How Snobbery Helped Take The Spice Out Of European Cooking
Complex, contrasting flavors are a hallmark of Indian cooking. They used to dominate Western food, too. What changed? When spices became less exclusive, Europe's elite revamped their cuisines.
A really cool article about one of my weird niche interests (ask me about Renaissance recipes sometime, they’re great).
Since I have my main cookbook right by me at the moment, here’s a small sample of some flavour profiles from Renaissance England, prior to the shift in European cooking styles that’s described in this article–all of them from savoury recipes involving meat:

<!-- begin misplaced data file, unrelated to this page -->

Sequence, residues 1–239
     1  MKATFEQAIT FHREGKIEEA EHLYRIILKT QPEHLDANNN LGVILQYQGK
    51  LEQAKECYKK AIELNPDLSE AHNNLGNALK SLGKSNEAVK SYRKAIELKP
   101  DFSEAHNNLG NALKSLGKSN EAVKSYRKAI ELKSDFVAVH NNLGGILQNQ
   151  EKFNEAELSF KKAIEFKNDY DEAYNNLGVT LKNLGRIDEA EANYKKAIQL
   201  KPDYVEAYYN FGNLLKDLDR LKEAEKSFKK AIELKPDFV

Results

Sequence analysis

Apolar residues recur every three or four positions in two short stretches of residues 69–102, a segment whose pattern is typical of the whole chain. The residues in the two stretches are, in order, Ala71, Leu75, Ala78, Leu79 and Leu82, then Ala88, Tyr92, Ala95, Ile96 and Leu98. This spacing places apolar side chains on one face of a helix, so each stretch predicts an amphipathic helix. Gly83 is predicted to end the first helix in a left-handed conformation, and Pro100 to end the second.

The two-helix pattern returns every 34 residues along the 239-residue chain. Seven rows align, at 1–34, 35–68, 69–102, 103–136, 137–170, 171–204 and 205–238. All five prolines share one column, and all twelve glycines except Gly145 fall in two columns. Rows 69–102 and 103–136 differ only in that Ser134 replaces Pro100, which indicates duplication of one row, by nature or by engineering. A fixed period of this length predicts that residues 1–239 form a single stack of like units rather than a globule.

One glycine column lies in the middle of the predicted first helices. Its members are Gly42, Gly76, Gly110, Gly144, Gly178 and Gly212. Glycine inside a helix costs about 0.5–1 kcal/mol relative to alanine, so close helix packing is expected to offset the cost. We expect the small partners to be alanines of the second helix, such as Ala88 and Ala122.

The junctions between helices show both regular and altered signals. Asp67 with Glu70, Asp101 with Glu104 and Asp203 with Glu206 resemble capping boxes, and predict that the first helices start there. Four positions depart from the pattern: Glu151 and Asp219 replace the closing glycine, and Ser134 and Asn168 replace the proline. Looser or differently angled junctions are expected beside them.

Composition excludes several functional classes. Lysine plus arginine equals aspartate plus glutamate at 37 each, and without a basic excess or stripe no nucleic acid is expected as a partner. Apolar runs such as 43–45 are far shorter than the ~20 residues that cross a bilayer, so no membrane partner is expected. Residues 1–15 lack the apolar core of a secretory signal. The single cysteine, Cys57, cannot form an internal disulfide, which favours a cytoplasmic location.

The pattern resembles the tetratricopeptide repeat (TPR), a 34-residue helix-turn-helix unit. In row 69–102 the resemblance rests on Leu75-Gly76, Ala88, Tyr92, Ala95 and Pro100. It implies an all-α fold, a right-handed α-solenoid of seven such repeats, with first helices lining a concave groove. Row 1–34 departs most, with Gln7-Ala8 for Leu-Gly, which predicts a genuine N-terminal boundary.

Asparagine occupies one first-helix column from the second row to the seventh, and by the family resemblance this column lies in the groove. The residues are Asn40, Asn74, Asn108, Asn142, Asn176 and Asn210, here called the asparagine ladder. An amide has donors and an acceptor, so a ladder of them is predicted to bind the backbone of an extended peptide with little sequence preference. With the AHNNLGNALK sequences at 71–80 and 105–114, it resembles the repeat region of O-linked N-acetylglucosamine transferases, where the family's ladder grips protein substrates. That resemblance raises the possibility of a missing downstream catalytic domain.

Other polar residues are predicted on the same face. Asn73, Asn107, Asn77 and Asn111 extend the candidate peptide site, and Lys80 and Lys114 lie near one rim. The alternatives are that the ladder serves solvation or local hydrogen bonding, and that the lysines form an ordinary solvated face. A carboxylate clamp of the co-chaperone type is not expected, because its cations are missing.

- Rosemary, currant, ginger, cinnamon, nutmeg, brown sugar, pepper.
- Shallot, mustard, nutmeg, honey, white wine vinegar.
- Onion, rosemary, marjoram, thyme, savoury, bay, parsley, pistachio.
- Sage, shallot, mace, parsley, nutmeg, pepper.
- Parsley, mint, sage, caraway, coriander, nutmeg, capers.
- Fennel, savoury, rosemary, thyme, bay, cinnamon, nutmeg, ginger.
- Nutmeg, pepper, parsley, thyme, rosemary, cloves, grapes.
Hardly the plain boiled fare most people picture in traditional English cooking, right?
Renaissance food is awesome.